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Monday, 23 November 2015
Page: 13419

Mr HOWARTH (Petrie) (17:33): As federal members of parliament, we represent a large number of people within each of our electorates. Something like 150,000 people live in the federal seat of Petrie, some 100,000 voters. One of the things I have noticed is that you can get a mixed view on different topics. I want to quickly talk about refugees and immigration, because on that topic people within the electorate have very different views from each other.

Generally, the Australian government has a fairly good approach, and I want to quickly explain why. What we are doing is quite balanced, I believe, and represents the majority of people very well. In relation to refugees and security, in particular, we take 13,750 refugees each year into Australia. In the next couple of years that is increasing up to 18,750 places.

Australia has a very long and proud history of taking in refugees—people who are in genuine fear of persecution, fleeing for their lives. The Minister for Immigration and Border Protection in question time today said that since World War II there have been 850,000 refugees taken into Australia. When it comes to a per capita basis, Australia is the most generous country in the world with a very good record in relation to the amount of refugees and how we look after refugees in this country.

Today I was talking to a young man in my electorate, Mr Will Redmond, who told me that when he was 11 he had a refugee family from Sudan living with him. They spent some time doing unskilled work up in Toowoomba and then were able to do skilled work in the medical area in Redcliffe Hospital. That family has been able to make a positive contribution to Australia, like so many other refugees and immigrants, since Federation in particular.

The 2018-19 program will represent one of the largest humanitarian intakes in 30 years. In addition to this, with what is happening in Syria at the moment, we are also taking 12,000 refugees who are fleeing the conflict in Syria and Iraq. These 12,000 people are people who are genuinely running for their lives from ISIL, Islamic State, Daesh or whatever you want to call them. They are often minority groups, like Christians and Yazidis, and they are heavily persecuted. They are being shot, thrown off high buildings, burned alive—all sorts of atrocities which are just unimaginable. Of course these people are trying to find a better life for themselves and their families.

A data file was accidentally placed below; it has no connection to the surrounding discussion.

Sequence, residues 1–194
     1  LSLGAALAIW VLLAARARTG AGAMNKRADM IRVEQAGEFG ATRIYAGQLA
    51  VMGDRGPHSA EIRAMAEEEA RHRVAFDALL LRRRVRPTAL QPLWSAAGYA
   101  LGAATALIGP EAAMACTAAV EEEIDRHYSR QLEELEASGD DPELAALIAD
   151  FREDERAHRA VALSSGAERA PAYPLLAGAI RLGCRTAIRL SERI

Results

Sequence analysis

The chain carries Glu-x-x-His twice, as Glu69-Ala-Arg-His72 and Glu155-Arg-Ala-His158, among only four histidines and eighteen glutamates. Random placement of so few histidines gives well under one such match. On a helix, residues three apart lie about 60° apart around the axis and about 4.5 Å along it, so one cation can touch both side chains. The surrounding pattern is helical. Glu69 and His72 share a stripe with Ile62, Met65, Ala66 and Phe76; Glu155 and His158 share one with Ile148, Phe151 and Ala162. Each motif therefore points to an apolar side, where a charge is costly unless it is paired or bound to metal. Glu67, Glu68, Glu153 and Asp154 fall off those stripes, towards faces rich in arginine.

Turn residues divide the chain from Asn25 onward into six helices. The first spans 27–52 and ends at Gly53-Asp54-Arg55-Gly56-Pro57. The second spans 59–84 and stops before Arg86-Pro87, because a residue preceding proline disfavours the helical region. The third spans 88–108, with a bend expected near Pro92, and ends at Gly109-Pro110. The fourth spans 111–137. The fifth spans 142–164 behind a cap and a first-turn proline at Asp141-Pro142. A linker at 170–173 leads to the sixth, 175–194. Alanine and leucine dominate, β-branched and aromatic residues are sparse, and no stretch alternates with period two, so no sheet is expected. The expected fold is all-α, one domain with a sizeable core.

I note that the Minister for Immigration and Border Protection and the Prime Minister have said that we will reach out to those minority groups, particularly Christians, that are heavily persecuted, who have the least chance to be able to resettle back into Syria when the conflict dies down and have a very good chance to be able to resettle in Australia in a great way. As a member of parliament and as an Australian I think that is a great thing. We should be able to do that.

Australians that write to me and say, 'Let's not have any refugee intake at all,' or 'Let's not allow anyone to come in,' need to understand that these people who have legitimate concern for their lives. But they also need to understand that the Australian government, and the minister and Prime Minister in particular, have strong security and health checks in place. We make sure that every refugee that comes in has legitimate security checks and health checks. If those are not met then people will not be able to come in, and we will move onto the next person. So Australians can feel confident that the Australian government is making sure that the refugees we take are who they say they are; and they are families in genuine need as a result of persecution.

We have been able to do this because we have also been able to make sure that we now have sovereignty over our refugee intake and over our immigration intake. We know that just two years ago we went to the election saying we would stop the boats, and that was a classic example where we had lost sovereignty. The Rudd-Gillard-Rudd governments had lost control of borders. They thought it might have been a great idea: 'Let's just abolish the Pacific solution. Let's just get rid of that idea.' What it did was send a signal to people smugglers: 'We are now open for business. You can pay to come here.' And we saw 50,000 people arrive on over 500 boats, and 1,200 people died at sea. Where is the humanitarian side of that—people smugglers making huge profits and people dying at sea? Because we stopped the boats, we can now reallocate those places to people from Syria and other places, people who are fleeing for their lives in particular.